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Chris Gampat The Phoblographer Sony NEX 50mm lens review (4 of 10)

Congratulations! You’ve got your first paid photo gig. This also means that you’re on your way to the dream of shooting full time and getting lots more work. But you’ll need to play your cards rights. Now what? You’re lost, right? You’re nervous, right? Well, you should be.

Just kidding. This will be a breeze if you keep in mind these simple reminders.

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Chris Gampat The Phoblographer The Beginning Street Photogrpaher (1 of 7)ISO 1001-250 sec at f - 5.6

We’re going to let you in on a fact of life: no matter what you’re doing, you need to get the shot. No one will sit there and give you the benefit of the doubt that maybe you were nervous; they want you to work to get what you needed to accomplish. And in street photography, you always saying that you’re too shy to capture a moment or get close to a subject will mean that in the end you’re probably not going to produce an image that works. Of course, there are exceptions, but it’s also a generally accepted notion that shooting wide is one of the best options that you can do when shooting the streets.

And even if you’re just getting into the medium, it’s always best to start wide.

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"www.thomascampbellphoto.com"

Recently I spent almost two weeks on a trip to Iceland with a primary purpose of shooting landscapes of the amazing country. It is always hard to guess exactly what I would need, especially considering I am more of a portrait photographer than a landscape photographer and am not especially experienced at landscapes, though like nearly all photographers, I love shooting landscapes.

I want to go through what I decided to pack for my trip to Iceland, why I decided to pack it, and what I would do differently if I knew what I knew now after two weeks in Iceland.

Editor’s Note: This is a guest blog post from former Phoblographer staffer Thomas Campbell

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Taking a photo with a tablet

The phone camera generation and technology shift created the rise of yet another device: the tablet. And as people took image after image with their phone, so too did those with their tablets. Before we knew it, tablets were with people everywhere they went. So the photos they shot during vacations, concerts, at restaurants, events, the kid’s first recital, and even more were shot on tablets.

Stop.

For the love of everything that Steve Jobs created you’re blocking my line of vision of whatever we’re all here to see. And sometimes you don’t even want to just shoot a photo. You want to shoot the same photo over and over again. Further, you sometimes want to record a video–you know how long you’re holding your tablet up to record a video? That entire time, I probably can’t see what’s in front of me. Or even if we’re in a sea of darkness, your super bright tablet in total darkness is a complete distraction.

That and you just look absolutely ridiculous when doing it. A tablet is not ergonomically designed for you to hold it outstretched from your body to take a photo and if anything, you’re completely overcompensating with the screen size.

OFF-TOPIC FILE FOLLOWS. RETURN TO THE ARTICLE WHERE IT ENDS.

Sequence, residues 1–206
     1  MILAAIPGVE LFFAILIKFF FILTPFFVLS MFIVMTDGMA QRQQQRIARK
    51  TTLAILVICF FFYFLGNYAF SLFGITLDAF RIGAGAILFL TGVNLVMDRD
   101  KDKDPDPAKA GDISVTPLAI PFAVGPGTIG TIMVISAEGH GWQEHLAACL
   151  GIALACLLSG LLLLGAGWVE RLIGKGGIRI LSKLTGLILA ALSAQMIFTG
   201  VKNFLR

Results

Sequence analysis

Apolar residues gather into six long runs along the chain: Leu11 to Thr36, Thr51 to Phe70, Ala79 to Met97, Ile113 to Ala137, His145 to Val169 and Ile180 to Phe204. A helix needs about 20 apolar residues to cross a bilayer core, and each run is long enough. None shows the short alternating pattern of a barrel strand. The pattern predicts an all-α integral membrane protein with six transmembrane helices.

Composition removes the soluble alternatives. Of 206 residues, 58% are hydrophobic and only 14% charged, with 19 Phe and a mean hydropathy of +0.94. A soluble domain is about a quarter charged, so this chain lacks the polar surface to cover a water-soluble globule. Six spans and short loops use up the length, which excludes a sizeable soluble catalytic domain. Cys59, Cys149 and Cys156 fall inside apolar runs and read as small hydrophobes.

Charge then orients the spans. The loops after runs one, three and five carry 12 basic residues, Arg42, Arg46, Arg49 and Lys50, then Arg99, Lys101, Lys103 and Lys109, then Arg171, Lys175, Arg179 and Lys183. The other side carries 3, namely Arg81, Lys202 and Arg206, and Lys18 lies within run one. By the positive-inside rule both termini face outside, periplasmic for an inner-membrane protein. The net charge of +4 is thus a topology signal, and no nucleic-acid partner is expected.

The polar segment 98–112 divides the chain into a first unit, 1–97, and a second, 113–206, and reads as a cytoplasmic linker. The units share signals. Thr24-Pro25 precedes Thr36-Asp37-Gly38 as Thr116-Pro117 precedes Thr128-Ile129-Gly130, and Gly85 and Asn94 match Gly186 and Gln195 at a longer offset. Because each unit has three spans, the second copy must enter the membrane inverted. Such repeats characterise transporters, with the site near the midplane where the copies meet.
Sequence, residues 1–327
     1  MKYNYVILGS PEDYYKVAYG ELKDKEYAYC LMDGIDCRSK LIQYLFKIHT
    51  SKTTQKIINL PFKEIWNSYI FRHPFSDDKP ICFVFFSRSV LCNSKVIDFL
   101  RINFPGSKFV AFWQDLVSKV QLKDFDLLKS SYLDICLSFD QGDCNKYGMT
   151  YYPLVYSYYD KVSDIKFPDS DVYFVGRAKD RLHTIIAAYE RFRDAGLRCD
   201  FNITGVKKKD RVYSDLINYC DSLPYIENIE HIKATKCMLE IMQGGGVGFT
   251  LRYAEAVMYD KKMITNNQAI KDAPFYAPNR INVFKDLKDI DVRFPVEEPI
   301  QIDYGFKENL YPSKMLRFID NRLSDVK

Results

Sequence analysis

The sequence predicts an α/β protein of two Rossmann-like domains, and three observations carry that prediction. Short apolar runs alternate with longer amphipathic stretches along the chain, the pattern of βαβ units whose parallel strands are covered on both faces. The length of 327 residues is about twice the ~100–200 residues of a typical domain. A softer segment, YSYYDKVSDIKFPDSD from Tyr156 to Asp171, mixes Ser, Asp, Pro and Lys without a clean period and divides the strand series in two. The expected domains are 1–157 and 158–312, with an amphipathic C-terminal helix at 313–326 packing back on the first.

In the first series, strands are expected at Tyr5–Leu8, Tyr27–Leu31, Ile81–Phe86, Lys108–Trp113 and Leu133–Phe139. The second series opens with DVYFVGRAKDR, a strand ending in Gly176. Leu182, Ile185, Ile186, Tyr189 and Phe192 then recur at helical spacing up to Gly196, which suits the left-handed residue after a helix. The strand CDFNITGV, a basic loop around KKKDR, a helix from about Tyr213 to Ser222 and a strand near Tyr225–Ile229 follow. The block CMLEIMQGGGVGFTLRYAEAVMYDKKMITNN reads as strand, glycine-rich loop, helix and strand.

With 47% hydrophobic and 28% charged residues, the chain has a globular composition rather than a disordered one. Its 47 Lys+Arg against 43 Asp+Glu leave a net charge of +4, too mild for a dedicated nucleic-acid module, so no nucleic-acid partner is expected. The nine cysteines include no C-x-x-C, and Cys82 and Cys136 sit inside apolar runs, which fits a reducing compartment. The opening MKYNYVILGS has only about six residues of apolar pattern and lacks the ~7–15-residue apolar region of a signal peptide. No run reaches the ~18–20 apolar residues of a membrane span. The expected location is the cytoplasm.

Please. Please. Just stop it.

Chris Gampat The Phoblographer Sony A7r review photos brooklyn bridge reddit walk (4 of 14)ISO 1001-800 sec at f - 3.2

Shoot Raw. Always shoot Raw. Only shoot Raw: this is the mantra that many, many photographers live by. They swear by it. We swear by it here at the Phoblographer. I swear by it as a photojournalist, commercial and portrait photographer for years. Why? So that we can get a better result in post. So that we can differentiate ourselves from the plebeians and peasants that would rather shoot in just JPEG and be happy with their results. Yes, reader: we are the higher class of citizens that stick our noses and in the air and would rather accept death than shoot in JPEG.

Or at least that’s how it’s been for years. As time has gone on and I’ve reviewed camera after camera and the technology has become better and better, I (we, actually) have seen that JPEG quality has improved tremendously. We even dare to say that it is now so much so to the point where that if you know what you’re doing in the first place with your camera that you won’t need to shoot in RAW. Indeed, many of the photos for the Phoblographer’s Instagram are shot in JPEG with an Olympus OMD EM5, Sony A7, or Sony NEX 6 then transferred right over to my phone or iPad and added to our feed. How much post-production goes into them? Basically, it’s not much more than some sharpening and contrast fixes in Instagram, VSCO or EyeEm.

And guess what.

The images are good enough for our over 4,000 followers on Instagram and usually just fine for our over 250,000 Facebook followers.

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No, Instagram isn’t really the reason why square format images so just so popular with folks. Despite the fact that today’s digital age has put such a big emphasis on it for many reasons, photographers have loved to shoot square images since the film days. One of the more popular formats for many photographers was 6×6–which required medium format film and was stuck right in between 6×4.5 and 6×7, both rectangles. These images were from some popular cameras like the Bronica SQ-A amongst others in the SQ series of cameras. Using these cameras, both portrait photographers and wedding shooters were able to have an easier time creating images for many reasons–with many of them attributing to them square format.

Here’s why the square format strikes such a chord with viewers today.

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